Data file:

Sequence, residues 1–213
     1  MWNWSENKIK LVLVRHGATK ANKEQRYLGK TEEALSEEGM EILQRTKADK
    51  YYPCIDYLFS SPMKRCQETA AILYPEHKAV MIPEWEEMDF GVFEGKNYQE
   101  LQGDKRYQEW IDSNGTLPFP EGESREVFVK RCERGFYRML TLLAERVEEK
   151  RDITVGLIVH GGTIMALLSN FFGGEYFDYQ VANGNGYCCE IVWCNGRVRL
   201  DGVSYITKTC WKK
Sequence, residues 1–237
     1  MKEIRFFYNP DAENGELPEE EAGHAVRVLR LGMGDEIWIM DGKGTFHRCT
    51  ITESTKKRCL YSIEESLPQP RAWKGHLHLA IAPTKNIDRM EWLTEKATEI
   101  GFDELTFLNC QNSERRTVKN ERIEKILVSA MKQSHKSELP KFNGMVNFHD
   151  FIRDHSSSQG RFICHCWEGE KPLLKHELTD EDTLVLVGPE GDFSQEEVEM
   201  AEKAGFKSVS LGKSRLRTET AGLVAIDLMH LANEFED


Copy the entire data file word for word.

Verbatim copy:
Sequence, residues 1–213
     1  MWNWSENKIK LVLVRHGATK ANKEQRYLGK TEEALSEEGM EILQRTKADK
    51  YYPCIDYLFS SPMKRCQETA AILYPEHKAV MIPEWEEMDF GVFEGKNYQE
   101  LQGDKRYQEW IDSNGTLPFP EGESREVFVK RCERGFYRML TLLAERVEEK
   151  RDITVGLIVH GGTIMALLSN FFGGEYFDYQ VANGNGYCCE IVWCNGRVRL
   201  DGVSYITKTC WKK
Sequence, residues 1–237
     1  MKEIRFFYNP DAENGELPEE EAGHAVRVLR LGMGDEIWIM DGKGTFHRCT
    51  ITESTKKRCL YSIEESLPQP RAWKGHLHLA IAPTKNIDRM EWLTEKATEI
   101  GFDELTFLNC QNSERRTVKN ERIEKILVSA MKQSHKSELP KFNGMVNFHD
   151  FIRDHSSSQG RFICHCWEGE KPLLKHELTD EDTLVLVGPE GDFSQEEVEM
   201  AEKAGFKSVS LGKSRLRTET AGLVAIDLMH LANEFED